After seeing the movie "Moonstruck," the Italian American romantic comedy about a spinsterish accountant and a baker who fall in love, a friend of mine wondered aloud why there were no films like it that starred black actors. Films, he went on, that are rooted in black culture and black life, films that treat black people as people -- no more, no less.
"To Sleep With Anger," the new bittersweet family drama by black independent filmmaker Charles Burnett, just might be that film. Small, warm and unpretentious, it is the story of a family whose latent conflicts explode with the arrival of a mysterious stranger from the father's past. It is well acted and well written, steeped in the blues, spirituals and folkways of the Southern Negro past as well as the urban striving of the Northern present. Though it is no "Moonstruck" -- it has moments of humor, but is more brooding at its core -- in countless gratifying ways it does what my friend wanted a movie about blacks to do. And, just as important, it is an interesting and overdue corrective to what -- given the praise and attention heaped on Spike Lee, Robert Townsend, Keenen Ivory Wayans and the Hudlin Brothers, Warrington and Reginald -- most people have come to think of as contemporary black filmmaking.
Wittingly -- I know it is uncharitable even to suggest it -- or unwittingly, most contemporary black filmmakers have trafficked in the stereotypes they say they set out to destroy. There is no denying the humor in Wayans's "I'm Gonna Git You Sucka" or Townsend's "Hollywood Shuffle," yet at times each film came uncomfortably close to exploiting the very stereotypes -- bossy black women, black men as pimps, violent studs or servile Uncle Toms -- it lampooned.
In much the same fashion, "She's Gotta Have It," Lee's first film to enjoy widespread release, wanted to have it both ways. On the one hand, as film professor Paula Matabane of Howard University has pointed out, the film has feminist pretensions. Lee presents a heroine who "turns the tables on male dominance" by insisting on her freedom to express her sexuality, without promises, without commitment, "on her own terms and her own turf." On the other hand, when she does, she is punished by a jealous lover who attempts to assert his dominance by raping her.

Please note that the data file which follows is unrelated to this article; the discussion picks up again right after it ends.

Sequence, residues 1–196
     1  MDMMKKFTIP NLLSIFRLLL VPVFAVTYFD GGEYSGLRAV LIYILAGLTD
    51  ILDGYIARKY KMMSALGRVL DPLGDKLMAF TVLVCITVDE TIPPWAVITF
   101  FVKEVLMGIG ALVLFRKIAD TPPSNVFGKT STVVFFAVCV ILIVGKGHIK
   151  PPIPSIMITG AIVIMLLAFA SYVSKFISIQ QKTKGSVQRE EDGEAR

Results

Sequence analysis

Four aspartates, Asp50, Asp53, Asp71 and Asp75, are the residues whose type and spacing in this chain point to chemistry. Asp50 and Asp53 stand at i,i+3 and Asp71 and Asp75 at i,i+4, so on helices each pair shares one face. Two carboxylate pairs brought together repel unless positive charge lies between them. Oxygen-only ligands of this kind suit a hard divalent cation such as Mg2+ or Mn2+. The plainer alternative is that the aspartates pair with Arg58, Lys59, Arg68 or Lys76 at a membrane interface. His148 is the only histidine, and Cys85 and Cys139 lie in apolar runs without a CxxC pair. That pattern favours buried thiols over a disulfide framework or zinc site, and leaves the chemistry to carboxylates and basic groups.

Though Lee originally proclaimed his "She's Gotta Have It" an example of "guerrilla filmmaking" -- he made assets out of such potential drawbacks as a low budget and a cast of unknowns -- each of his subsequent films has gotten bigger and glossier and more in the Hollywood mold. And each, especially the latest, "Mo' Better Blues," has featured steamier and steamier sex. But are the obligatory sex scenes there because Lee believes them integral to the story? Or has he succumbed to the Hollywood convention that sex equals maturity, which in turn equals seriousness, which in turn equals (maybe) art? Or is it that Lee knows nothing sells a film like sex? Or that he knows black men and women rarely get the chance to see people who look like them being tender to each other on the screen?
You don't have to ask those kinds of questions about Charles Burnett's films, among them "Killer of Sheep," "My Brother's Wedding" and "Bless Their Little Hearts" -- he wrote and shot the last, though it was directed by his UCLA classmate Billy Woodberry. (If you haven't heard of these films, it is because they are shown mostly at festivals and at screenings such as those sponsored by the Black Film Institute of the University of the District of Columbia.) All are conscious attempts to make art -- in the sense of rendering experience truthfully and faithfully -- instead of mere entertainment. As such they are more akin to literature, the plays of August Wilson, say, or the short stories of James Alan McPherson, than to conventional film. They are also deliberately paced (some would say slow), with almost none of the crackling, nervous urban energy that marked "She's Gotta Have It" and "Do the Right Thing."
While eminently accessible, Burnett's are not easy films. He does not condescend to his audience with Hollywood conventions -- simple stories where good and evil are clearly, and immediately, defined; fancy camera work and tricky editing, musical cues that tell the viewer what (and when) to feel; and sentimental, unearned happy endings. Nor does he resort to the easy solutions inherent in conventional racial wisdom. His characters are real people in real situations, trying, as all of us must, to work out their destinies.